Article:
Dr Yunus wants UNSC to intervene in Rohingya crisis
05 Sep 2017, 21:06
Dhaka: Noting that the Rohingya crisis is deteriorating very fast, Nobel Laureate Dr Muhammad Yunus has urged the UN Security Council (UNSC) to intervene to end the crisis in Myanmar's Rakhine state.
"The human tragedy and crimes against humanity have taken a dangerous turn in the Arakan region of Myanmar. It needs your (UNSC) immediate intervention," he said in an open letter sent to the UNSC president and its members, said a press release of Yunus Centre on Tuesday.
"I (Yunus) call on UNSC to intervene immediately by using all available means. I request you to take immediate action for cessation of indiscriminate military attack on innocent civilians that is forcing them to leave their home and flee country to turn into stateless people," the letter reads.
According to different organisations, recent military offensive by the Myanmar Army in Rakhine has led to the killing of hundreds of Rohingya people. Hundreds of thousands of people have been displaced. Complete villages have been burned, women raped, many civilians arbitrarily arrested, and children killed, said Dr Yunus.
According to local administration sources, around 120,000 people have fled to Bangladesh in the last 12 days, he said.
He noted that he along with several Nobel Laureates and eminent global citizens denounced the previous spate of violence late last year and wrote to the UNSC to intervene. "This time, I urge you to take decisive actions to stop the violence against innocent civilians and bring permanent peace in Rakhine.’’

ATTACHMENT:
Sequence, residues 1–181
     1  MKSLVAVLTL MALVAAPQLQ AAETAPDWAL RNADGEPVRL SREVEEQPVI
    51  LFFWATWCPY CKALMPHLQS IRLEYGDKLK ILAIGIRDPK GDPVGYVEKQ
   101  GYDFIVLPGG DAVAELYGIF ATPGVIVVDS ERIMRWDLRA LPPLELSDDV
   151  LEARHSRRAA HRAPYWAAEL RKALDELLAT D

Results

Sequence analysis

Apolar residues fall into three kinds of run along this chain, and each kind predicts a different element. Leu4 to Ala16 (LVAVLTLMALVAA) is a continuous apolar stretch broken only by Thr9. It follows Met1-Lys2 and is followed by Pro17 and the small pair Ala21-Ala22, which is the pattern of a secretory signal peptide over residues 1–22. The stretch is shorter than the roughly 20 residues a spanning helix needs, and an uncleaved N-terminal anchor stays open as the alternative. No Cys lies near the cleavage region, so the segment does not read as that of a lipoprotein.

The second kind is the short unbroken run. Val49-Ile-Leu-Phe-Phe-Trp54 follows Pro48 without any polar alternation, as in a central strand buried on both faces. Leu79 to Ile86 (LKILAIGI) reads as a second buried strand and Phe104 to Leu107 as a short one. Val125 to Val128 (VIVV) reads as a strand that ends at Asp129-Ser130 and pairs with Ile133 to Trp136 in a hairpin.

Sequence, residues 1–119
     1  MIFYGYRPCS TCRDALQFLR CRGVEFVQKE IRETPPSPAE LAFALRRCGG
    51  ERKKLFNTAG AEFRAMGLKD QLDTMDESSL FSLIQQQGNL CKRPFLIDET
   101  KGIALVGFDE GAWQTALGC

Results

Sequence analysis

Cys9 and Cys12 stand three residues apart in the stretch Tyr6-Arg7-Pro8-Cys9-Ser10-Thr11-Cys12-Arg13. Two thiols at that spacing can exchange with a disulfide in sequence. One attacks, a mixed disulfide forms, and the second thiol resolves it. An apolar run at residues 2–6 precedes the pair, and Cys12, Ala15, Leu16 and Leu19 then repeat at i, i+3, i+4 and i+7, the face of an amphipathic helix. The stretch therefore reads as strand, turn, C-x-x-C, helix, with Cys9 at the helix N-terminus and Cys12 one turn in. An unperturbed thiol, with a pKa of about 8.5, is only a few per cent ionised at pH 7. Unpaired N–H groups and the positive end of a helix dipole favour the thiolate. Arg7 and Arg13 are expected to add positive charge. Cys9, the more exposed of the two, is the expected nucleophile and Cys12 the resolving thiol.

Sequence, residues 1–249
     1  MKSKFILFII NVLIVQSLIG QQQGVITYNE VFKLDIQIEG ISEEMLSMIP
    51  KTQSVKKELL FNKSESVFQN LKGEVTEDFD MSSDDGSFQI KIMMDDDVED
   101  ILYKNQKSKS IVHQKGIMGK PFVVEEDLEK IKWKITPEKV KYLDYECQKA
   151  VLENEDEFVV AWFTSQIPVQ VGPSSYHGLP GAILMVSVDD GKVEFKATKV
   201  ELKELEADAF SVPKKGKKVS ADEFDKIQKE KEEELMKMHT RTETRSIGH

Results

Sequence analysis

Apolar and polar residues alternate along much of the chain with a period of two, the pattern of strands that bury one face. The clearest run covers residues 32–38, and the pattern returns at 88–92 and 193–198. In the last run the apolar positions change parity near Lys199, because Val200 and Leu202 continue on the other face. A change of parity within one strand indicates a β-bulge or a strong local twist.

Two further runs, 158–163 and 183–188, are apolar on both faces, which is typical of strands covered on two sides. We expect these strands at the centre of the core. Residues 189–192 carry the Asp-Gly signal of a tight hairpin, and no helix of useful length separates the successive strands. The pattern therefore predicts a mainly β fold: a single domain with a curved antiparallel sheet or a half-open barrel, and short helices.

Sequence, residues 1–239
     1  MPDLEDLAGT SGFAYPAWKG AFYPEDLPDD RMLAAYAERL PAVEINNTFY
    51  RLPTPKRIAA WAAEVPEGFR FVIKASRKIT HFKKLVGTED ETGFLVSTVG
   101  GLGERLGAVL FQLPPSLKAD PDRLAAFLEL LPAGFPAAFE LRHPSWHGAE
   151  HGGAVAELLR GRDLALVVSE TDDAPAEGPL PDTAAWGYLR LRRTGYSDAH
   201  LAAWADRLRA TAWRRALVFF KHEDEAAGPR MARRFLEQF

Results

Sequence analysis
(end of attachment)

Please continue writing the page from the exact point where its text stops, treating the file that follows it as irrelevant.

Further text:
Dr Yunus said, "I urge you to persuade Myanmar government to take immediate steps to implement the recommendations of the Rakhine Advisory Commission which the Myanmar government established in 2016 under the pressure of international community."
The commission, mostly comprised of Myanmar citizens and chaired by Kofi Annan, recommended providing citizenship to the Rohingyas, allowing them freedom of movement, rights and equality before the law, ensuring communal representation, lack of which affects Muslims disproportionately, facilitating UN assistance in ensuring safety and security of returning people, he said.
A bold change in approach is needed by the United Nations and the international community if there is to be an end to the cycle of violence against the Rohingyas. The government of Myanmar needs to be told that international support and finance is conditional on a major change in policy towards the Rohingya, the Nobel Laureate added. "The world is waiting to see that the UNSC has played its role in bringing an end to a humanitarian crisis and building peace in the region," he said.